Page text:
Juric, 25, has been with the department for more than a year. He was formerly a freelance photographer for the St. Petersburg Times.

One-legged Ned and the feral cats

During my stay aboard a sailboat, docked at the marina at Nick’s Fish House in Baltimore, I expected to run into my old friends Ned and Kay Uhler, who used to drive down from their home everyday to feed the feral cats that call Nick’s parking lot home.

The cats, who I wrote about a few years ago, are still around — this black one tried to cross my path last night — but I’m not so sure about Ned and Kay. Somebody’s still feeding the cats though, and maybe it’s them. Perhaps I’m just not waking up early enough to catch them in the act.

Ace, when we get off the boat for walks, usually spots one or two, and seems eager to get closer and meet them, but I don’t let him. I doubt he’d get the same reception from them that Ned and Kay always did.

My story about Ned and Kay feeding the feral cats was the only one, during my newspaper career, that I wrote entirely in verse. This was well before I became a professional writer of “highway haiku,” which is much harder to write, especially for one who has been accused of being long-winded — at least on the written page.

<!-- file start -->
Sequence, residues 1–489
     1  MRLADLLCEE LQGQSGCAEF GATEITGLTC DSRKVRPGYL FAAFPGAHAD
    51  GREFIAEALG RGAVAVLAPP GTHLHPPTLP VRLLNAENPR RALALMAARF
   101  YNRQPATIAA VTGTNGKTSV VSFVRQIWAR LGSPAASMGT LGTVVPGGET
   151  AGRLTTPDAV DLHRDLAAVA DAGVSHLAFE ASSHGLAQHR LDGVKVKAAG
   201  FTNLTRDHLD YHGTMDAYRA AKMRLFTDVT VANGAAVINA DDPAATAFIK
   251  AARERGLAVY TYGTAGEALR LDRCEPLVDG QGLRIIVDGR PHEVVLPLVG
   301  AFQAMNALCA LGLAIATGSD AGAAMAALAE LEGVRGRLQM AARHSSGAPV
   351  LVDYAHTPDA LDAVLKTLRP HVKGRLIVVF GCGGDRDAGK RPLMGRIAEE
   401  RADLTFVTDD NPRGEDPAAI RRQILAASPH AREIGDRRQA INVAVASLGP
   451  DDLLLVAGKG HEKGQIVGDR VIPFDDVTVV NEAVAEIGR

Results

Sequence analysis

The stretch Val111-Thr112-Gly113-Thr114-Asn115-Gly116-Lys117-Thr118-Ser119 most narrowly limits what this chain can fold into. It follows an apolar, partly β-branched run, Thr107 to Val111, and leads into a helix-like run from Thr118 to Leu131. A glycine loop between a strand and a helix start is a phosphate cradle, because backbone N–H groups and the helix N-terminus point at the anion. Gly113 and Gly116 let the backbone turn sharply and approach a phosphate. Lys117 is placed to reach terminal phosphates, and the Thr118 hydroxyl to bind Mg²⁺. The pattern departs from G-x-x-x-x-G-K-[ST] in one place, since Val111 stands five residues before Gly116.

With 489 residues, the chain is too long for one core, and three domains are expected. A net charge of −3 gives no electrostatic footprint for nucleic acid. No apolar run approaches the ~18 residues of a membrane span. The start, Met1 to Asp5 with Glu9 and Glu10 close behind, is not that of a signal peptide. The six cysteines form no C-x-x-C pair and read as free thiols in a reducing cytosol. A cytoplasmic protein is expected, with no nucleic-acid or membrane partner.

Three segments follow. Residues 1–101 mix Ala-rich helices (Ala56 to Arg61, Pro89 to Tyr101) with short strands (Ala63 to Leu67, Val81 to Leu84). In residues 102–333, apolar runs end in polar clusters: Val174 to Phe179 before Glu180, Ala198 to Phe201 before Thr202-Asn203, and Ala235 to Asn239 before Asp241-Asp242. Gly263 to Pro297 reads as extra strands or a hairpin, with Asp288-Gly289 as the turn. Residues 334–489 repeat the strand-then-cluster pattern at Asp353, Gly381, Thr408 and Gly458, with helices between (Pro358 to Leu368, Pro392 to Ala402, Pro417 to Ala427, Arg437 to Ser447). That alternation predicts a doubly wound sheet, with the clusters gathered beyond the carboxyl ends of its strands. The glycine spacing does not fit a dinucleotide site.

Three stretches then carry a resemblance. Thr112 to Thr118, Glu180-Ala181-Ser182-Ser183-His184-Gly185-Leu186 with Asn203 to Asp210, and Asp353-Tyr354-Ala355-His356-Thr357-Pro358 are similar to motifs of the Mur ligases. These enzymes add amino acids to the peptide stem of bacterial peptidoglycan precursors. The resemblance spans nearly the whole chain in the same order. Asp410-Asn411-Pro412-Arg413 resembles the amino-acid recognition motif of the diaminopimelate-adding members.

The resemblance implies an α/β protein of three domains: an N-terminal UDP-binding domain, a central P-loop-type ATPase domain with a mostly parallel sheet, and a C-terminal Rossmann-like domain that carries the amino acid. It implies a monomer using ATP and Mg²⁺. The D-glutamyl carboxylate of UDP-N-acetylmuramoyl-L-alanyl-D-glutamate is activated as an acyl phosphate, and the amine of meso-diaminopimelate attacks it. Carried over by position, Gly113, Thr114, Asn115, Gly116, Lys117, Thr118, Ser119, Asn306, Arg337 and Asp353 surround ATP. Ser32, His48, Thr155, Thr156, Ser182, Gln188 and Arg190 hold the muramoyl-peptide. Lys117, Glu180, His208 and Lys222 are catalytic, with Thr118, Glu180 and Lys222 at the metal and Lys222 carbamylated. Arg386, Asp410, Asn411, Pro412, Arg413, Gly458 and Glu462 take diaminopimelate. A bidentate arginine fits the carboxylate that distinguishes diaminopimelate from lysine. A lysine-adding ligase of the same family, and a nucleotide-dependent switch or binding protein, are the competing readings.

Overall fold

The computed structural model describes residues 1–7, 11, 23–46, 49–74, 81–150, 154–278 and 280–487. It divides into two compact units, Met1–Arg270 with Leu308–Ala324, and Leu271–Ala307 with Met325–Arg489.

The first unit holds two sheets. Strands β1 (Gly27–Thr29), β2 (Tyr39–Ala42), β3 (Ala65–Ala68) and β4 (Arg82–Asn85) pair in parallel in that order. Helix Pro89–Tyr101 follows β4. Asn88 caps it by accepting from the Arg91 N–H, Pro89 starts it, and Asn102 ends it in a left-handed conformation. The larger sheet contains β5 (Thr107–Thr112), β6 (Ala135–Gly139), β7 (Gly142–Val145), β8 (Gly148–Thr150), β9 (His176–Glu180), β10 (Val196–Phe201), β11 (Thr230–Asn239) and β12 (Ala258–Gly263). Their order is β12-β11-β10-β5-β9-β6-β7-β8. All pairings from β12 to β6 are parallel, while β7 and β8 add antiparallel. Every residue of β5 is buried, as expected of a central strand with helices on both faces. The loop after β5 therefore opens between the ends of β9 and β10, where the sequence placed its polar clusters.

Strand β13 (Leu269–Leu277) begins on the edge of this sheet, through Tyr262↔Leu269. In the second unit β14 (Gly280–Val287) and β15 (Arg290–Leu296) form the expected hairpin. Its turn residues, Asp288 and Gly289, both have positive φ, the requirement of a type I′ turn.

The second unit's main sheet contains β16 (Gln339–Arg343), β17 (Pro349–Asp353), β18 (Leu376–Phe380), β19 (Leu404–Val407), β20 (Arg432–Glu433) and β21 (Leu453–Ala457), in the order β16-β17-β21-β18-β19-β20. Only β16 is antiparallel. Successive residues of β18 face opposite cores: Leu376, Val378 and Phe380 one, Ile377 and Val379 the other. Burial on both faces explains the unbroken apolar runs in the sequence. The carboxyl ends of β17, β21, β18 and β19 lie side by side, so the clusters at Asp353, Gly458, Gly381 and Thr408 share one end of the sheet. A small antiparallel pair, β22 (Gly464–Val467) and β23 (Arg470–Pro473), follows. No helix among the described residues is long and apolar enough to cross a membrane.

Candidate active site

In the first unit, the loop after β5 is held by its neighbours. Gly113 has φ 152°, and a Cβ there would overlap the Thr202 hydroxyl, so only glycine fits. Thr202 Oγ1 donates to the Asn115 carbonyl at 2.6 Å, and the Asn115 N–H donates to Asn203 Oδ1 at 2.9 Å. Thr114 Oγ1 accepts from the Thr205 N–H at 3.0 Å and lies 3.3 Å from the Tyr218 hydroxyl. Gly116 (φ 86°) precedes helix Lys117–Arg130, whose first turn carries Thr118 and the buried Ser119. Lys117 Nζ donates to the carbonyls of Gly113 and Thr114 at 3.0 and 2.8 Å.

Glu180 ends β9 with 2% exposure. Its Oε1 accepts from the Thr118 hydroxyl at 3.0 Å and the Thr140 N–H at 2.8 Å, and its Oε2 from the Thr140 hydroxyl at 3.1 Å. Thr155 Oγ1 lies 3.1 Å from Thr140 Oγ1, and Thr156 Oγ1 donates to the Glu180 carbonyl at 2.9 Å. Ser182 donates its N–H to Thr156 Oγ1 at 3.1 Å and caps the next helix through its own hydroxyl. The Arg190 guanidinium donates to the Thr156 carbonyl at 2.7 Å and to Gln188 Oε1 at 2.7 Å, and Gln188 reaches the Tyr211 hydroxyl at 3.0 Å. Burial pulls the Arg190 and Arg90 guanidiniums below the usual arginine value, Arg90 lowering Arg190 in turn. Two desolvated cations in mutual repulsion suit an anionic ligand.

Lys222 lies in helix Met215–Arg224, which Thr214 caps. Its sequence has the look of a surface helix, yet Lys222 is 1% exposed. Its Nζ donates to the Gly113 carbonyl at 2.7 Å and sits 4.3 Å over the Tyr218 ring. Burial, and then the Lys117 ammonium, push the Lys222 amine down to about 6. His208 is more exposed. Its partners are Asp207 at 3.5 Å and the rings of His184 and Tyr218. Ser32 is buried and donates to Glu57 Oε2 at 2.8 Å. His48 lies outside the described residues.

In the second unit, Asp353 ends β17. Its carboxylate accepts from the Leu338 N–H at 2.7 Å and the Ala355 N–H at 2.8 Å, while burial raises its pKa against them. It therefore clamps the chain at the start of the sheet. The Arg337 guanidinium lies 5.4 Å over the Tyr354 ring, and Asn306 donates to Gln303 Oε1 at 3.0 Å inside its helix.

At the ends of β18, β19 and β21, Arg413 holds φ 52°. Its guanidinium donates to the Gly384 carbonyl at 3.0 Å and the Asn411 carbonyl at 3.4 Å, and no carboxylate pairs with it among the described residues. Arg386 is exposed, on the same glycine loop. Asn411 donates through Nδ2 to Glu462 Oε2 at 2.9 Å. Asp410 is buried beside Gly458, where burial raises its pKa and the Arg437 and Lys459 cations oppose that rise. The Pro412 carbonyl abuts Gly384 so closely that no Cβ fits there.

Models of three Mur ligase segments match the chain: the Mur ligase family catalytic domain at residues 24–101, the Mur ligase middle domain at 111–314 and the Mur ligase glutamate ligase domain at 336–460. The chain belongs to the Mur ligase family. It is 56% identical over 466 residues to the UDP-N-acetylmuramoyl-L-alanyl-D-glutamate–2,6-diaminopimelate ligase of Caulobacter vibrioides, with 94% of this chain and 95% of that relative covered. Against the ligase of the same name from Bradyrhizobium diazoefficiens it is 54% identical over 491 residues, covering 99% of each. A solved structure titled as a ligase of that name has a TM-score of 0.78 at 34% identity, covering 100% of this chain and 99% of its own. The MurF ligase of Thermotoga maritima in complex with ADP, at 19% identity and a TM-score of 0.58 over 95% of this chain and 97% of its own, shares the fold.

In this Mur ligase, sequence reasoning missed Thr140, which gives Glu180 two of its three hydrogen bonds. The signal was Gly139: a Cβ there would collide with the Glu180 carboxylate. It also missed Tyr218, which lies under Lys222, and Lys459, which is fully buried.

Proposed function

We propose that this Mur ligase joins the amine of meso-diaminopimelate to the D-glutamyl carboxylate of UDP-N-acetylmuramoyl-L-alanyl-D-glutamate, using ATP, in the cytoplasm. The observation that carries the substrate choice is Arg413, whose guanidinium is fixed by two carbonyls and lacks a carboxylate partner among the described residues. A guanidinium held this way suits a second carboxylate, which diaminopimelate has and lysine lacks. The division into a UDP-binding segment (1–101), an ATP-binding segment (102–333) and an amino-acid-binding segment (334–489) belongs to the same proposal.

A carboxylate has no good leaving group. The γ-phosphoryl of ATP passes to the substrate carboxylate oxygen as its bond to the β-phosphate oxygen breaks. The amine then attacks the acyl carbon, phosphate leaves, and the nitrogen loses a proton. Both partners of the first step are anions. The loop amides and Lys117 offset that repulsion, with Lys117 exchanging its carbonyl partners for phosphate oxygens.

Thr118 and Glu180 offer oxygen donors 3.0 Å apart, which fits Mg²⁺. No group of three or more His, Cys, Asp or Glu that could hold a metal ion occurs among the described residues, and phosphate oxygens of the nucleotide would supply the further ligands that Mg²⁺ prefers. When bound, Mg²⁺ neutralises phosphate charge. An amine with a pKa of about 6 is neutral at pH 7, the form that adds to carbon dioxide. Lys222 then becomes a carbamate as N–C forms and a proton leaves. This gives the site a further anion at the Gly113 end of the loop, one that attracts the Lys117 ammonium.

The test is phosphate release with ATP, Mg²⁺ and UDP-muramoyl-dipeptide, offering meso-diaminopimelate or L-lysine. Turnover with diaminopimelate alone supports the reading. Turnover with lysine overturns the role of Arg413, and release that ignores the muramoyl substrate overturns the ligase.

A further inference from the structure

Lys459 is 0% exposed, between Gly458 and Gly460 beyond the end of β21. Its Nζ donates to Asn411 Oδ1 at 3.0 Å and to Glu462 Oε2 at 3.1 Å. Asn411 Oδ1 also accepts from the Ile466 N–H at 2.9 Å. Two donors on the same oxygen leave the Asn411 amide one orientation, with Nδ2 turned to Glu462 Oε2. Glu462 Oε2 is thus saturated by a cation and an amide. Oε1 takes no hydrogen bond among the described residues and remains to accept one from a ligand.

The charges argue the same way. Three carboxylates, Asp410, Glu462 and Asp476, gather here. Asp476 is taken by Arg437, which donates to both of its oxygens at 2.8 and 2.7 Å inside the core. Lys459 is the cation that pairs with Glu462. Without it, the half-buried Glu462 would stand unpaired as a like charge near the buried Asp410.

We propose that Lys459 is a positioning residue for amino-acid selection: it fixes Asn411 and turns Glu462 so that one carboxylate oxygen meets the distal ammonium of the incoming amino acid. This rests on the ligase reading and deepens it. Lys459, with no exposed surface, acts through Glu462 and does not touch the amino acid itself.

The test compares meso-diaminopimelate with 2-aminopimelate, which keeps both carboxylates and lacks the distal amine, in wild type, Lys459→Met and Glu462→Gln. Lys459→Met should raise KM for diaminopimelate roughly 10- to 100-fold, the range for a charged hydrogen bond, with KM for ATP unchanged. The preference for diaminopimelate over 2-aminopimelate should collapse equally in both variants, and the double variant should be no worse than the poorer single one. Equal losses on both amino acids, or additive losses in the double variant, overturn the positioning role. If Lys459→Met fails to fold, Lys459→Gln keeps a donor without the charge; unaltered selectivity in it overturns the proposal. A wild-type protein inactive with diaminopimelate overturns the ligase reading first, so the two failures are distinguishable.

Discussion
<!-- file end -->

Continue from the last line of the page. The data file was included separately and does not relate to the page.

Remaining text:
Be that as it may, with thanks to the Baltimore Sun, in which it first appeared — and still appears, though interrupted by advertising — here, in a slightly edited, minorly rewritten version, is …

 “A Feral Cat Carole”

The cats were quite hungry that cold winter day
But Edwin L. Uhler was well on his way.
Ned left Owings Mills, his wife, Kay, at the wheel
Driving 25 miles to deliver the meal.

They got to Nick’s Fish House, where Ned keeps his boat
And then something happened that’s worthy of note:
‘Twas a gaggle of cats – a feline regatta –
Appearing from nowhere upon hearing his auto.

One cat, then two cats, then three and then four
And then after that there came even more:
Black, tan and gray cats, they trotted and waddled